By Jared Chausow
By Katie Toth
By Elizabeth Flock
By Albert Samaha
By Anna Merlan
By Jon Campbell
By Jon Campbell
By Albert Samaha
Ah, you have Philip Larkin's poetry! [Claude] "Let us kiss then,/In this room, in this bed,/ But when all's done/We must not meet again . . . "
Look at your yellow daffodils. You are so fortunate to live by the water. I was just sitting on the plaza with the umbrellas shaped like white sails. Before James, who looks like Prince Charles, comes out, could you explain the rent situation here? I, I . . . it's a deal struck between Ravitch and the old tenants.
Who's Ravitch? He ran for mayor once. [James appears.] We won a battle that lasted four years. The tenants got together. [Claude] Only the old people.
Let's backtrack. [James] To when everything was joyous and you were an artist. [Claude] I had friends going to NYU medical school who moved here. [James] You told me you had to be an artist. [Claude] I was paying something like $275. That's when Ravitch ran this joint. [James] But . . . [Claude] They got an abatement . . .
[Our conversation got very complex. It was too much for all of us. Subsequent research revealed Waterside came out of the 1950s Mitchell-Lama state legislation to create more moderate and middle-income housing. It was largely thought of as one of the most successful government housing programs. Developers got low-interest mortgages, big tax abatements for putting caps on rents. Approximately 115,000 units in 269 developments were built. But after 20 years, developers had the option to buy out. It was like affordable housing that could vanish as in a fairy tale. Some 23,000 units have been pulled out. Those built before January 1, 1974, revert to rent stabilization. Later ones, like Waterside, can go to market rents.] [Claude] Ravitch wanted to triple the rent. [James] We were shelling out $400 every couple of months to pay for the lawyer. [The settlement for original Mitchell-Lama tenants was a 9 percent increase a year for two years, 7.5 percent every year thereafter.] [Claude] The tenants' association has gotten smaller since the settlement. New people have come in. They don't care.
They're paying something like $2,200 for a one-bedroom. Are there a lot of United Nations members living here? There used to be. Then, it was a wonderfully mixed group. My allergist still lives here. How did James and I meet? Ten years ago, I was working very late at a design agency on 58th Street. There was a gay bar downstairs, the Townhouse. I thought, oh man, I need a drink. He was walking home from the Four Seasons to 12th Street. We struck up a conversation. I didn't see him for three weeks. He had chicken pox. I didn't know. I was the first boyfriend to meet his parents. [James] They loved him. They ran a bed-and-breakfast, 17-room house, in Cooperstown. They were the first. Now there are 90. I went to California when I was 18. I was part owner of a vegetarian jazz club in Venice, the Comeback Inn. My restaurant was rated as one of the Top 10 in the country. [Claude] Top 10 vegetarian. [James] I was the chef. I increased their sales. [Claude] Of course now you don't cook at all.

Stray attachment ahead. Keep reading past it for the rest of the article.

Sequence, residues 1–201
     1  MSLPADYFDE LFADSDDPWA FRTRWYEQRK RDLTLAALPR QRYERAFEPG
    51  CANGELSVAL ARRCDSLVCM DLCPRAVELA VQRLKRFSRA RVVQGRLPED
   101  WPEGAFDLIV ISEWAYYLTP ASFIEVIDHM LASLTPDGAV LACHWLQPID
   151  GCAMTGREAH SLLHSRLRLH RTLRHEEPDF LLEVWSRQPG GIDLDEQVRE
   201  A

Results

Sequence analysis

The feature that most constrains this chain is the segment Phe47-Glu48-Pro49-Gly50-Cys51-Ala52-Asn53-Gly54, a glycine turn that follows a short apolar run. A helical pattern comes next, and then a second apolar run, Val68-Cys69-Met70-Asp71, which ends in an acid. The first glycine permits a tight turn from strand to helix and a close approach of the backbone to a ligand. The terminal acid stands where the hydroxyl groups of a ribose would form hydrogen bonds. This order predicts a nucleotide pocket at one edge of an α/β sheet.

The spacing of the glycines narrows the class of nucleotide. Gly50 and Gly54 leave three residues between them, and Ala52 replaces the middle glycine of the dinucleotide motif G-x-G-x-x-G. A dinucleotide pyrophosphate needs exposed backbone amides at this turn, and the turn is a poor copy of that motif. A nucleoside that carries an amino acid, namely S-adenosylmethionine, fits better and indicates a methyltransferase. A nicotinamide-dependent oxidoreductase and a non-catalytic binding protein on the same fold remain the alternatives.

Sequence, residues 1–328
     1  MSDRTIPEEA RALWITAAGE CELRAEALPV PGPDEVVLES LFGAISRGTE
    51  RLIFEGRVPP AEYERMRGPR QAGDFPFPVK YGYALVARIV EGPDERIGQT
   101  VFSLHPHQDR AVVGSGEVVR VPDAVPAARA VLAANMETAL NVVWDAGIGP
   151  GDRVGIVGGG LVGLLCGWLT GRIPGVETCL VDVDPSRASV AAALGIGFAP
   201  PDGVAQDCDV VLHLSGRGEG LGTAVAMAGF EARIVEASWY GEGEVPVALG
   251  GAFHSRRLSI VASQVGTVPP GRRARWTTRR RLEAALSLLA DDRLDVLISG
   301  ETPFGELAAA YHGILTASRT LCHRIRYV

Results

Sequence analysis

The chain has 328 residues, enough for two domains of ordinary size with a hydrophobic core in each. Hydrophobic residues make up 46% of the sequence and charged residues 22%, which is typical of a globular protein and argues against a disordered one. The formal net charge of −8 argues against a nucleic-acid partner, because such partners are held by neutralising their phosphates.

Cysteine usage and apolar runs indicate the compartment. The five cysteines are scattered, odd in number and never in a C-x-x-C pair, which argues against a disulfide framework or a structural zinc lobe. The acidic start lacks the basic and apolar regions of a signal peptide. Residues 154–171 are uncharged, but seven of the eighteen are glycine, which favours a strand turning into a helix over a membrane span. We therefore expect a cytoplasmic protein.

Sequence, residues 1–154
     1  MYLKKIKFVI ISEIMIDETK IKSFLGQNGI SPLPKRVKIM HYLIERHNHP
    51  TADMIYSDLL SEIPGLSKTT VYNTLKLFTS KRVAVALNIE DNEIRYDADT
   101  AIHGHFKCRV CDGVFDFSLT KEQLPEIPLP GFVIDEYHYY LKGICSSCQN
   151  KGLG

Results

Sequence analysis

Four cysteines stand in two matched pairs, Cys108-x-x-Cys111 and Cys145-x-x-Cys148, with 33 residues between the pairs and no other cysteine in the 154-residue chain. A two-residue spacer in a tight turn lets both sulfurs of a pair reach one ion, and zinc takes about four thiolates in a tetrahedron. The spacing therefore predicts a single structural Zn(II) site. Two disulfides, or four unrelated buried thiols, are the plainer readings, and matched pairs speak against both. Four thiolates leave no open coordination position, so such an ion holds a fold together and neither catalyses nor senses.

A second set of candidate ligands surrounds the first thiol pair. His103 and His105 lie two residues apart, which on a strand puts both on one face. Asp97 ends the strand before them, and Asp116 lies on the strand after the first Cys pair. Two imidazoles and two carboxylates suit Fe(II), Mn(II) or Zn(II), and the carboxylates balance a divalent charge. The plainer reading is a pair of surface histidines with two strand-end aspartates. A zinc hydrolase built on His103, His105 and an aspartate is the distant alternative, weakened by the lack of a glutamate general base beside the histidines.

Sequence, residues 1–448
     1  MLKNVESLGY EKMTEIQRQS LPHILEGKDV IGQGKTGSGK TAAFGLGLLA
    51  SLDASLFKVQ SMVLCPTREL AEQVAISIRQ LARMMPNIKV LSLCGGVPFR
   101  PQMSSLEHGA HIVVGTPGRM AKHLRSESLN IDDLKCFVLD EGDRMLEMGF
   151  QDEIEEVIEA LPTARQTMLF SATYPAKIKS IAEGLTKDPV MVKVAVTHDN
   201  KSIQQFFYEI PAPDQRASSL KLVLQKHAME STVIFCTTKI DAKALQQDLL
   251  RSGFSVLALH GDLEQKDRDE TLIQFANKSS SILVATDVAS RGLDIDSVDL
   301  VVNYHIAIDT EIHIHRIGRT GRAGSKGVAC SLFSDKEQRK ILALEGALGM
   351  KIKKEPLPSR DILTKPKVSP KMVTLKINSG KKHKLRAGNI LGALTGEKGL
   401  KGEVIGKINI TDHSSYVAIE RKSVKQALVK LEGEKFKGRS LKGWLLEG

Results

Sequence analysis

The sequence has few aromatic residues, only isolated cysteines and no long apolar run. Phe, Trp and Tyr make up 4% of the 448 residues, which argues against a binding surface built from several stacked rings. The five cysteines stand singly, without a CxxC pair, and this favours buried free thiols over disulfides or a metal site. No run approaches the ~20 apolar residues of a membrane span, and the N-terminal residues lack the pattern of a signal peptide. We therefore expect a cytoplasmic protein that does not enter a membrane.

Here's a photo of James on Venice Beach. What long silky hair you had. You were selling huaraches? [James] I imported African baskets and hats. The Annie Hall bag was my best seller. [Claude] I grew up in Bridgeport, the armpit of the nation. We came from Cuba in 1960, right after the revolution. My father ran the family business, grew coffee. [James] A coffee plantation. [Claude] That sounds so colonial. Here, my parents went to work wherever they couldfactory work. I went to graduate school at the New School and NYU. I was in the Open Theater. I was their photographer while I studied with Joe Chaikin.
Look, black-and-white photographs from Cuba. What's that plant? [James] I thought it was a century cactus. [Claude] No, they were succulents. Cacti would flower.